Abstract Title:

Deficiency of testosterone associates with the substrate of atrial fibrillation in the rat model.

Abstract Source:

J Cardiovasc Electrophysiol. 2009 Sep;20(9):1055-60. Epub 2009 Apr 30. PMID: 19460074

Abstract Author(s):

Takayuki Tsuneda, Takeshi Yamashita, Takeshi Kato, Akiko Sekiguchi, Kouichi Sagara, Hitoshi Sawada, Tadanori Aizawa, Long-Tai Fu, Akira Fujiki, Hiroshi Inoue

Article Affiliation:

The Second Department of Internal Medicine, University of Toyama, Toyama, Japan. [email protected]


BACKGROUND: Since the prevalence of atrial fibrillation (AF) increases progressively with aging, especially in men, we hypothesized that testosterone might affect the occurrence of AF.

METHODS AND RESULTS: We examined the electrophysiological properties of the atria in isolated-perfused hearts of sham-operated male (SM), female (SF), orchiectomized male with and without administration of testosterone (ORCH-T and ORCH), and ovariectomized female (OVX) Sprague-Dawley rats. An electrophysiological study revealed that repetitive atrial responses induced by electrical stimuli significantly increased in ORCH rats without changes in other electrophysiological properties and were abolished by administration of testosterone. To investigate the underlying mechanisms, we evaluated the expression level of calcium-handling proteins. In ORCH rats, the immunoreactive protein level of ryanodine receptor type 2 (RyR2) and sodium-calcium exchanger significantly increased as compared with SM and ORCH-T rats without alterations in the level of FK506-binding protein (FKBP12.6), sarcoendoplasmic reticulum Ca-ATPase, and phospholamban. Immunoprecipitation analysis demonstrated decreased binding of FKBP12.6 to RyR2 in ORCH rats, which was prevented by testosterone. In contrast, the expression levels of these proteins showed no significant differences between SF and OVX rats.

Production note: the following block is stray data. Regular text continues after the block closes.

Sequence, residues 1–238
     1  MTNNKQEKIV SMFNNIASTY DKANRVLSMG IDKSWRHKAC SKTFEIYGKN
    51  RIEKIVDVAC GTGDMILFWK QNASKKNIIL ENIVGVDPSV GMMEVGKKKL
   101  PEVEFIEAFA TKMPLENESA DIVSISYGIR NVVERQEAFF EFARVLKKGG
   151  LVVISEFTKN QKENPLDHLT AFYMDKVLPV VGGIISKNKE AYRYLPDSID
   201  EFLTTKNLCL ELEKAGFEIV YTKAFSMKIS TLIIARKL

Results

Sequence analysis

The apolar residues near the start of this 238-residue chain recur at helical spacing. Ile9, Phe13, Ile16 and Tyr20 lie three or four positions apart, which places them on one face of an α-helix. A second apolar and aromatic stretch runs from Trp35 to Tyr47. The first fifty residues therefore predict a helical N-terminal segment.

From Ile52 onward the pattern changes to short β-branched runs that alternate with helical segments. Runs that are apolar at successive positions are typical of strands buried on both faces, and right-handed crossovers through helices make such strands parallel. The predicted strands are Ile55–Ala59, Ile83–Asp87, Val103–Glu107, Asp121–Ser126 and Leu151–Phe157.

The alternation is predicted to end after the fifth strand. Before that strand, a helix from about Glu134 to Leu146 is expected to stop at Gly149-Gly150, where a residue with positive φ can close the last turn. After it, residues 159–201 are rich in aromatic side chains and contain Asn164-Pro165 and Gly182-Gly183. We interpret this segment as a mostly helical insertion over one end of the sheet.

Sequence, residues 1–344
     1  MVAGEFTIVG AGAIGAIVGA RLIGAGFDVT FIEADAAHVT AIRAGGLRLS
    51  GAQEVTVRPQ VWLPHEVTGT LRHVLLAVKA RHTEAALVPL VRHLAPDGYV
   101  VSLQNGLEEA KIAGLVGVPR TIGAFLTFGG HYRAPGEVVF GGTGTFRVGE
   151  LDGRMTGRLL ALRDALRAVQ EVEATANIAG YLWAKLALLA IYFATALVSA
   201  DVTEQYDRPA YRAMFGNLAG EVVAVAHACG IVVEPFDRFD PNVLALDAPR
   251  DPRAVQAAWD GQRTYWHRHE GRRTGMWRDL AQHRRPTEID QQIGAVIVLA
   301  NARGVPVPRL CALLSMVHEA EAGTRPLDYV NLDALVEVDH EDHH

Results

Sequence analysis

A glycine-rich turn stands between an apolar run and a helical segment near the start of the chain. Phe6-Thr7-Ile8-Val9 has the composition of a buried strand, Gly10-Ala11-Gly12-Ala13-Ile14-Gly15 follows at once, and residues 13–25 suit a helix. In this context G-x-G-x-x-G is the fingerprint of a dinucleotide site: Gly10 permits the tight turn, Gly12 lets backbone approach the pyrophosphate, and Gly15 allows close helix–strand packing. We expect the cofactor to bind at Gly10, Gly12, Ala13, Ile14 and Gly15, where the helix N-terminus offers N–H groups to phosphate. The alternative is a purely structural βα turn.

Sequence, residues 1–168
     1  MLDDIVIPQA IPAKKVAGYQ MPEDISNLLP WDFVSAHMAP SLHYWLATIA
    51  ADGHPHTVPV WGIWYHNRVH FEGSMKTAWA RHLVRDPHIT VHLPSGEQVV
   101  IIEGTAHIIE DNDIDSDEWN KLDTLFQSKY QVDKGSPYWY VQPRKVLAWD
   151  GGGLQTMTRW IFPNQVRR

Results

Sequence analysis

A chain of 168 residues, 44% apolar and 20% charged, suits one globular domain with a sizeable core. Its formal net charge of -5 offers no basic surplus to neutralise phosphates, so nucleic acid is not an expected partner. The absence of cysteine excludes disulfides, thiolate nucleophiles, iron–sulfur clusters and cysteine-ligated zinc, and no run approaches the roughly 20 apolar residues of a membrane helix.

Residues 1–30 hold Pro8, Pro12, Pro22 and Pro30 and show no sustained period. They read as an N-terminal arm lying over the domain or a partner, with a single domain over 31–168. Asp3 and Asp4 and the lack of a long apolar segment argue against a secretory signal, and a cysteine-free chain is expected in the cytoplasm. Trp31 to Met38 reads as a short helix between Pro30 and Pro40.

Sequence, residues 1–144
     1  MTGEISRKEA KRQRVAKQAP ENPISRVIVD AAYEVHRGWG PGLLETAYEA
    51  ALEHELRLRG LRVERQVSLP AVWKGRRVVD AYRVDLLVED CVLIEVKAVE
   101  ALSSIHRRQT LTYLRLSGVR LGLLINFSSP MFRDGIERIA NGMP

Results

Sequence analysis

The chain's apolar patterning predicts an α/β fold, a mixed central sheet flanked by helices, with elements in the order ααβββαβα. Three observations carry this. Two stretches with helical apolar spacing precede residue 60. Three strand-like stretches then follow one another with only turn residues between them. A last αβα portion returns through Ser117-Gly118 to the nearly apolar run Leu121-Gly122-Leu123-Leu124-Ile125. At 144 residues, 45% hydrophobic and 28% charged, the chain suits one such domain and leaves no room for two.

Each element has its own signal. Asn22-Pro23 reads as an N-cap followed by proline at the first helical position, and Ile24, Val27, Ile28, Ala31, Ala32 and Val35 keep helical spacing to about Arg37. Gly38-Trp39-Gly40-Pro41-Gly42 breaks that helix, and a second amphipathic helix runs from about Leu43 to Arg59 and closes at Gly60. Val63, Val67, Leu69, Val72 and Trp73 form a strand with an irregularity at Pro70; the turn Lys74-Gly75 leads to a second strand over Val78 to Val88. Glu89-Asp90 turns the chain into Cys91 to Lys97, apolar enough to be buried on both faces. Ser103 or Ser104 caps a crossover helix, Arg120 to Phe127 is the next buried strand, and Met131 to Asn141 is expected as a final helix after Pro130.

CONCLUSION: Deficiency of testosterone was arrhythmogenic in rat atria possibly through less binding of FKBP12.6 to RyR2, which could induce feasible calcium leakage from the sarcoendoplasmic reticulum. These results would explain, at least in part, the increase in the prevalence of AF in accordance with the decline of testosterone particularly in elderly men.

Study Type : Animal Study

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